The Price of Becoming a Writer
by Mahendra Waghela
I am supposed to give a 400-word bio with an abstract of my talk on ‘Writing Fiction.’ So here it is.
Born in socialist flavored independent India of ’68 . My earliest conscious memory: I was two and half, a soft bundle of flesh and bones, when I met with a nasty fire accident in the kitchen. Me lying on the rough coir mattress; my tummy swollen like a tender football because of the internal burns; my worried mother crying next to me; my father pacing under a naked yellow bulb; and the smell of death seeping through the mud walls of our hut.
I went to a government funded primary school like anybody else and hated it like most of my friends. Without delay, I was put in a better school – something to do with my father’s quick promotion at the chemical factory nearby. Smooth sailing for a while. My father died on the workshop floor accident near the boiler room. Miserly cash compensation from the factory – a kind of barbed gift for my 17th birthday. I had to start working. I became a dumb store clerk passing his days in a warehouse on the edge of this no-electricity-on-Wednesday town. Couldn’t attend college. Much against my wishes and better judgment, I was married off. Reason? My mother’s failing health. The marriage proved to be a turning point. I finished belated graduation because of my illiterate wife’s taunts, found an almost respectable job in the bargain.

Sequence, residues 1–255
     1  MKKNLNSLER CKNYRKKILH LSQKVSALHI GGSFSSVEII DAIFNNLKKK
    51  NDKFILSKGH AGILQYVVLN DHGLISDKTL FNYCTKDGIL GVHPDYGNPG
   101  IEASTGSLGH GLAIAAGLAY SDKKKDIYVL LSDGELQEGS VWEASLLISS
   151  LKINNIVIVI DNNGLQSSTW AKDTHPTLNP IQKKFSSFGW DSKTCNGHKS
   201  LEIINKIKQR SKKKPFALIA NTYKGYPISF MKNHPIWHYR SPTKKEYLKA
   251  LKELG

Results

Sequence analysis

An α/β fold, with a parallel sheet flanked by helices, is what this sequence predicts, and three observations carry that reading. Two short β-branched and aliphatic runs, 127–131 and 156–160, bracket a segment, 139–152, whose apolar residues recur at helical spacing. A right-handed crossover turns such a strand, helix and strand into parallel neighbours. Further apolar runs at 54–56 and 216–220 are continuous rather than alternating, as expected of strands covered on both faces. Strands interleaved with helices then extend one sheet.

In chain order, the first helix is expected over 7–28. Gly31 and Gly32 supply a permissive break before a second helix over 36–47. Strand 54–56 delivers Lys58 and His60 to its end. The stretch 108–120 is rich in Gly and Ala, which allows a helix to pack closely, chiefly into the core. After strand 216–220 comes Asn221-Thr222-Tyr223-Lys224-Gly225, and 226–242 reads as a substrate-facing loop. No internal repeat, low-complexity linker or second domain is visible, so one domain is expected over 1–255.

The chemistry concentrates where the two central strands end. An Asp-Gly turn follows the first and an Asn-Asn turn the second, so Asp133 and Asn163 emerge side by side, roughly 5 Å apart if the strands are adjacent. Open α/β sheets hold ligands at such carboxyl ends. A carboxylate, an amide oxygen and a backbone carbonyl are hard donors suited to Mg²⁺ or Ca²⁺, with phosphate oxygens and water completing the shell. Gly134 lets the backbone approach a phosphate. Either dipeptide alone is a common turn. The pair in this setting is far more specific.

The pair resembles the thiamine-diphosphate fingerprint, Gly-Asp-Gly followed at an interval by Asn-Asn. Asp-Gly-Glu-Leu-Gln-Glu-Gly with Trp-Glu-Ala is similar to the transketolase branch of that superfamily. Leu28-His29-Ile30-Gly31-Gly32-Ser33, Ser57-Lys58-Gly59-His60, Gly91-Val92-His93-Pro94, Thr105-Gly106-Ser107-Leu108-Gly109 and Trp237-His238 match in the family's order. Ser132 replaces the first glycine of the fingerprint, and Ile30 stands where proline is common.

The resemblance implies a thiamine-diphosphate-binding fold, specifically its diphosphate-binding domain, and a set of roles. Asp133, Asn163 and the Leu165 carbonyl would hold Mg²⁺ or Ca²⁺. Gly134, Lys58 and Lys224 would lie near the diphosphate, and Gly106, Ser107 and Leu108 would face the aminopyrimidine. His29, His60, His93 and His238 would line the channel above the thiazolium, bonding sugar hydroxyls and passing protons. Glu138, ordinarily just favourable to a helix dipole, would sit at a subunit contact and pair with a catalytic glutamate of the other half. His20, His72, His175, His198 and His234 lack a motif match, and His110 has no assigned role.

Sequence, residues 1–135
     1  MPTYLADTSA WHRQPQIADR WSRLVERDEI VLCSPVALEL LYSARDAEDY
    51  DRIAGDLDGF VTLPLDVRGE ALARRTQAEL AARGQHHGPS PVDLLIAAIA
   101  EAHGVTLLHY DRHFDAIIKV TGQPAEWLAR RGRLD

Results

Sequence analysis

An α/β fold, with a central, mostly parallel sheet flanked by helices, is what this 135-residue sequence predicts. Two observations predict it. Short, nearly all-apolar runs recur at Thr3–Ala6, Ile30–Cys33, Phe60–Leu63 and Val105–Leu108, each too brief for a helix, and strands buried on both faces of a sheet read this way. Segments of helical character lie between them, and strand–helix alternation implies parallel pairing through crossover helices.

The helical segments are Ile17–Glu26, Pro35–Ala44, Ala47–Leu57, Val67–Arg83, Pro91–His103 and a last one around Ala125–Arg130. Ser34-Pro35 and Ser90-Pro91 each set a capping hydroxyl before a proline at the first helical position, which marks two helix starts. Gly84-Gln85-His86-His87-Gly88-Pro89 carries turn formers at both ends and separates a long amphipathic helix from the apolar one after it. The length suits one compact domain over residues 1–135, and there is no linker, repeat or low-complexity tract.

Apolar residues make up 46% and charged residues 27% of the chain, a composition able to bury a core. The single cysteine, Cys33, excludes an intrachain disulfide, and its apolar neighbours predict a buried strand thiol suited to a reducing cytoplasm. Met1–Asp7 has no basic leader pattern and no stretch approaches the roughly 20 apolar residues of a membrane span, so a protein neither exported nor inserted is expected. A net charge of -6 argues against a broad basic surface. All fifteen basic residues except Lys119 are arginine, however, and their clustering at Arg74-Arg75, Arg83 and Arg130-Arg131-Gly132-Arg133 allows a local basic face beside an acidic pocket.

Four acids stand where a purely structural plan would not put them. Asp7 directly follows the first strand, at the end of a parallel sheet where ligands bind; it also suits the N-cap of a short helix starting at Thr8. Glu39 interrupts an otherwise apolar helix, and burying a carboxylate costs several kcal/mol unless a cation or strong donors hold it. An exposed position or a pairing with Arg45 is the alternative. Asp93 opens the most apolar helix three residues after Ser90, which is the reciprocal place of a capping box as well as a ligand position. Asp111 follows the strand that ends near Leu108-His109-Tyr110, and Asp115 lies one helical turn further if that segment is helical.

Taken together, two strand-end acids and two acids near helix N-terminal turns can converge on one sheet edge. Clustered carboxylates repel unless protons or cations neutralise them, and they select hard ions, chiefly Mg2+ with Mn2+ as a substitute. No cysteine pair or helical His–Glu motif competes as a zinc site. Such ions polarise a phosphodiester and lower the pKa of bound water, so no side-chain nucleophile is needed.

My boss caught me reading Anna Karenina during the lunch breaks that led to another 180 degree turn in my life. Tolstoy to technical brochures and poetry to product details for the press releases. I was shifted to marketing department and gained some weight. I came in contact with a half-crazy, half-genius advertising copywriter whose agency worked for my company. That bearded baboon encouraged me to write. He was the one to check my first and the saddest story before I sent it out to a ragtag magazine. Whatever gave me the idea for my story? Stomach this: My wife was carrying our first child when she was taken to the hospital. They never returned.
I converted my most private grief into a public story; that seemed like the only way out of the black pit I was trapped in. It’s almost certain that I wouldn’t have become a writer if I hadn’t lost my wife and my child in a single stroke.
Talk about the price of becoming a writer.